I personally don't think that people have really changed much over centuries. When we have accounts that peasants "believed that mice came spontaneously out of the ground" I think it is much more likely that said peasant knew exactly where mice come from, but being unable to rid his home from mice exclaimed "They just keep coming! Born right out of the ground!" That peasant called upon a common myth to express an idea, and some historian wrote it down like it was a serious statement.

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  17. This is an interesting post Noisms, and a great question. People like to think of their forefathers as idiots, and it will happen to us as well. Gygax claimed that magic never existed, that wizards are made up, but they did. Today the world of fairy tales and our world are two separate things, but this wasn't always the case. We know that that is true from those who were able to write, or express themselves in some way.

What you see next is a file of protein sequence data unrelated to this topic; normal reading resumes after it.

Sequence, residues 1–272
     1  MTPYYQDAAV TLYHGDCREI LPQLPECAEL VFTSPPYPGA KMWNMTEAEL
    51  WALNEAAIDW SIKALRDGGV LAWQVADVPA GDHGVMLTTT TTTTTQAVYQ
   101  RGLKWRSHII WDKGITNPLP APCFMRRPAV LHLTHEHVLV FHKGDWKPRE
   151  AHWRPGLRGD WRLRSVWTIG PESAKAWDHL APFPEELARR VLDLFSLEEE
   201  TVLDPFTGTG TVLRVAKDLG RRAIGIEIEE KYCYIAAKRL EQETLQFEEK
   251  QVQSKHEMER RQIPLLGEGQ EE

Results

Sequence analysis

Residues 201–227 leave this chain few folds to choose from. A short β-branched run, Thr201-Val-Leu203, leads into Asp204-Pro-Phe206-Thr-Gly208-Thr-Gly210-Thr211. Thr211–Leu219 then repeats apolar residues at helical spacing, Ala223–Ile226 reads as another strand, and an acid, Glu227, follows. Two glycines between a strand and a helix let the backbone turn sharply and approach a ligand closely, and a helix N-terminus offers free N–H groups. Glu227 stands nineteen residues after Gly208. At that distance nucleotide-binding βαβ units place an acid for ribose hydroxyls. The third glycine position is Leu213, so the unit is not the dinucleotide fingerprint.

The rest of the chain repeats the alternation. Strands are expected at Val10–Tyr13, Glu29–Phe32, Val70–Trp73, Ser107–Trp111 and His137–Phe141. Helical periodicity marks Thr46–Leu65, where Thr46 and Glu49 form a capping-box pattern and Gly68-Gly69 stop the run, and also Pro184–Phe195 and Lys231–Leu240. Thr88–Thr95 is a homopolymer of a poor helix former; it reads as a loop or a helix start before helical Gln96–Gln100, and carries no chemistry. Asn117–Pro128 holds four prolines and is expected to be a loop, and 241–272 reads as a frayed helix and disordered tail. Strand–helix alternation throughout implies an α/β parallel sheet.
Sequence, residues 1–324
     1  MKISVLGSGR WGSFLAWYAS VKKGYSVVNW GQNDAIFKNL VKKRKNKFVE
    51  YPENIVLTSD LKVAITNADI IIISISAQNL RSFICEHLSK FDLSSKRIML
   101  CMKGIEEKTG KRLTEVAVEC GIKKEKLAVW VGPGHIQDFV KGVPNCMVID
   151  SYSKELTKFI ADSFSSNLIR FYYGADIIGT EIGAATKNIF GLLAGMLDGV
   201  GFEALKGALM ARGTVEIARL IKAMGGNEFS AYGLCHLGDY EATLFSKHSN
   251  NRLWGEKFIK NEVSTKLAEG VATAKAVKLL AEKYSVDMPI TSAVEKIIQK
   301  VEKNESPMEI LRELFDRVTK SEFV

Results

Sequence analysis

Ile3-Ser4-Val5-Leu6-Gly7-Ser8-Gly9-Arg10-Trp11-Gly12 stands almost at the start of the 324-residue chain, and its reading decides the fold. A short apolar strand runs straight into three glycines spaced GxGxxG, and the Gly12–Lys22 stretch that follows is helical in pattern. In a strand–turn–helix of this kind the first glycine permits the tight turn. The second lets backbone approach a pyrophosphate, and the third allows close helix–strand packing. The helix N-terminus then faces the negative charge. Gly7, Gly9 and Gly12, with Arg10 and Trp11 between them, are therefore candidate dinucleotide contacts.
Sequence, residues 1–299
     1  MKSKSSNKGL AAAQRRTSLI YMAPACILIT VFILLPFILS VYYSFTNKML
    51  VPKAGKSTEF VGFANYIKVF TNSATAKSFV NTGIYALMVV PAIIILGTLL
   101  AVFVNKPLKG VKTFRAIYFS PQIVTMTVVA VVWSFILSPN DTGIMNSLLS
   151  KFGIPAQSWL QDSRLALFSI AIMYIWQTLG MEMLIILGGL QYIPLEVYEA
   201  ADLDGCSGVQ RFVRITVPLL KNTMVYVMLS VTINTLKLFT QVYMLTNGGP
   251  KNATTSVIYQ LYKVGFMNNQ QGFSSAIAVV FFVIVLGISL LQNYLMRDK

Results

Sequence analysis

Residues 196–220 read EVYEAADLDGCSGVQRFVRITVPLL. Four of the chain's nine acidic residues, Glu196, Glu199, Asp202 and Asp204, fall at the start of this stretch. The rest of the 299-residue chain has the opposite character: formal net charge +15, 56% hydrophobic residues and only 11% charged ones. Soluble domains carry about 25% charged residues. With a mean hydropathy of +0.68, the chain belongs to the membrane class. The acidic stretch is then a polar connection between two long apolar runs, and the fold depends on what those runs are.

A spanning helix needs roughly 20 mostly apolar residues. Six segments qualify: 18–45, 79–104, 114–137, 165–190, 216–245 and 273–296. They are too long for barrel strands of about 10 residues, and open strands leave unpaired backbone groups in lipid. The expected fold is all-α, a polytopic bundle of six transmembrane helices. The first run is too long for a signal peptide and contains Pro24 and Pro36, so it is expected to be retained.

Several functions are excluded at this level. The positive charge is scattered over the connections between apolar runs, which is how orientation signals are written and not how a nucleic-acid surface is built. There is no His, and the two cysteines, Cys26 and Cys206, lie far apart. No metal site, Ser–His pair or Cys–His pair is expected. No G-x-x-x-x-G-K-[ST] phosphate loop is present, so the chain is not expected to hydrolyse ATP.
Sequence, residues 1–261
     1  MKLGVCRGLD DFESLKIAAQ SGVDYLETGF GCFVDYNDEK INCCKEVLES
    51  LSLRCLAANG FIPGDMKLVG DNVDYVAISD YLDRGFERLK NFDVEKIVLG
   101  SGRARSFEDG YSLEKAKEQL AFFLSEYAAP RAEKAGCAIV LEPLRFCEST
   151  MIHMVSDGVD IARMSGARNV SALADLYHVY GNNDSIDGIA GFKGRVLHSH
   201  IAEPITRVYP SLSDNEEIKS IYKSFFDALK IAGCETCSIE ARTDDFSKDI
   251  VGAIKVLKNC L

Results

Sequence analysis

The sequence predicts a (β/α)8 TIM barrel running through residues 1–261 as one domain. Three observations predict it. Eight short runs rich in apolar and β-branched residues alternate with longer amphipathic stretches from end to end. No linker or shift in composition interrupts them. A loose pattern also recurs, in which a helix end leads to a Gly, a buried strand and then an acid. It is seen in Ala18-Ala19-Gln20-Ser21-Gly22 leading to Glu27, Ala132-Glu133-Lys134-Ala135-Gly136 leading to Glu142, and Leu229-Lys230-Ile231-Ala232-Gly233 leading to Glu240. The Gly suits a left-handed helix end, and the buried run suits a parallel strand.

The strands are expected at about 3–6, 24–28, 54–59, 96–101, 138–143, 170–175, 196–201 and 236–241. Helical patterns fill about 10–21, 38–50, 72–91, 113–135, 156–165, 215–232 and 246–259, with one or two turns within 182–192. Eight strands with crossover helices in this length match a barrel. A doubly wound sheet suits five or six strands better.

It was always assumed fact that if you forced a man's killer to approach his victim, that the corpse will begin to bleed. The only way to disprove this was to know, for a fact, that you had the right murderer and test the theory. This had to be done more then once, but this still wasn't good enough because now you have to convince the public that this isn't true, and that is easier said than done.